This Texas Pregnancy Bill is Absolutely Terrible for Women and Families
Another day, another poorly-considered anti-choice bill meandering through state legislatures. On Tuesday, Texas' Senate Committee on State Affairs passed the anti-choice Senate Bill 25. The legislation, which passed unanimously in committee, is a new, insidious way to mislead women on abortion. It would prohibit medical malpractice lawsuits on the basis of "wrongful birth," meaning that, according to critics of the bill, parents could no longer sue health care providers for neglecting to warn and counsel them if a fetus would be disabled.
Simply put, Senate Bill 25 would enable doctors to lie to their patients if a fetus showed signs of disability. In a tweet shared by Texas Planned Parenthood, a doctor testifying against the legislation stated, "It is not the doctor's right to manipulate the parents by lying. ...This bill is wrong."
Many reproductive rights activists have expressed concern that doctors in Texas could be protected for withholding critical information from their patients in order to manipulate that patient into a certain course of action. It would seem that lying to a pregnant woman (yes, even lying by omission) about the health of her fetus is a violation of doctor-patient trust, which is a critical component of successful medical treatment. Imagine carrying a child and not being able to trust your doctor to be honest with you about the health of that pregnancy. The entire pregnancy would be fraught with unnecessary stress and worry.
The bill ostensibly exists so that doctors can prevent their patients from electing to terminate a pregnancy on the basis of severe disability. However, it ignores the fact that parents who wanted to continue the pregnancy would also want to know if their child has a significant disability.
To me, common sense is absent from this legislation. Expectant parents who find out that their child will be severely disabled will need to prepare differently in certain ways. They might want to set up their nursery differently, make different plans for taking time off from work to care for the child, or call in relatives for additional help. Raising special needs children is also significantly more expensive, according to the Daily Beast; families deserve time to prepare and plan to accommodate new members with disabilities. To give severely disabled children the best shot at life, doctors should be straightforward about the medical challenges.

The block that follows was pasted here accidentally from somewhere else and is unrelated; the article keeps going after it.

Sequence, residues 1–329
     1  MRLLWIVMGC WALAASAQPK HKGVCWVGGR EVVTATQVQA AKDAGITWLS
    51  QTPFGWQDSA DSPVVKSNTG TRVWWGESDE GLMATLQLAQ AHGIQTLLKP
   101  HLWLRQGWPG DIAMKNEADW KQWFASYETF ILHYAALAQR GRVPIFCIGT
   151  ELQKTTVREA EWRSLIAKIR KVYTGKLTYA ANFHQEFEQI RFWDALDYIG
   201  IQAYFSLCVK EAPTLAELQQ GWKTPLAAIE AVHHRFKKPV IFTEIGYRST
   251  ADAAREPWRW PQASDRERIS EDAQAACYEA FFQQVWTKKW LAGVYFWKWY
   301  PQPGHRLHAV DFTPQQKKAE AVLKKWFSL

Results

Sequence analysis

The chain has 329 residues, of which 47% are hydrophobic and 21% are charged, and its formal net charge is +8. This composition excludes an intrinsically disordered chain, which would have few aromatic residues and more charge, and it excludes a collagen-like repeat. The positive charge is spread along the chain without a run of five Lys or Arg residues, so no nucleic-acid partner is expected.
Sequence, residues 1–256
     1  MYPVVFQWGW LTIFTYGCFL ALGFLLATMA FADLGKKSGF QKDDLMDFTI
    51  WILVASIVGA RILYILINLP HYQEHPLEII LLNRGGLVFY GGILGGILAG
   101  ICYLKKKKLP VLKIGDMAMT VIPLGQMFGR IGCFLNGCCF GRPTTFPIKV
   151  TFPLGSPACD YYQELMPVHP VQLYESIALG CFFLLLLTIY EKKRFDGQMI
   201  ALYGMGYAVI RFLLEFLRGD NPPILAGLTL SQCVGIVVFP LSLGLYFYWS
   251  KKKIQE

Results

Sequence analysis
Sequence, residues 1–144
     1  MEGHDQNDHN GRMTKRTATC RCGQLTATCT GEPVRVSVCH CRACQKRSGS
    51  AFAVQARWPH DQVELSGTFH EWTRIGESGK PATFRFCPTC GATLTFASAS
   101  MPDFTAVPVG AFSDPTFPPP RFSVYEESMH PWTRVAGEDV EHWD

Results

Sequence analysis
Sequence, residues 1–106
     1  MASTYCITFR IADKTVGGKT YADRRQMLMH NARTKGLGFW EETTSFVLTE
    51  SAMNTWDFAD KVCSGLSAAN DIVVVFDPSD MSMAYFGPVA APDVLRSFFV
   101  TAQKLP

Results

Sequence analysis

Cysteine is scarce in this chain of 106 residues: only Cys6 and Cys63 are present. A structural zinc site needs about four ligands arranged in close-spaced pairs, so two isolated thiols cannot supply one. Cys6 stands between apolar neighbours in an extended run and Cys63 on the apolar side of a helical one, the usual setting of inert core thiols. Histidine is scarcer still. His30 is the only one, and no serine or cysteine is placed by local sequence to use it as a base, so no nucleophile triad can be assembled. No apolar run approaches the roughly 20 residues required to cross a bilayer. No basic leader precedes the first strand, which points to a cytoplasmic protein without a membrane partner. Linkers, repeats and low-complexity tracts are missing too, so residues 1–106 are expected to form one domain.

During a Texas Senate hearing, a woman named Rachel Tiddle shared her story of carrying a fetus that had severe abnormalities of which she was unaware. The fetus was stillborn, but Tiddle says she would have opted to try experimental therapies — that might, presumably, have saved the fetus — had she known the truth about its condition.
Allowing doctors to be protected for withholding vital information, means that Texan pregnant women and families will not be in the best possible position to protect and raise a disabled child.
The role of a doctor should be to provide medical information, counseling about available options, and medical care. American patients should not have to live in fear about whether there's something a doctor is withholding, but if Senate Bill 25 becomes law, such fear may become the norm.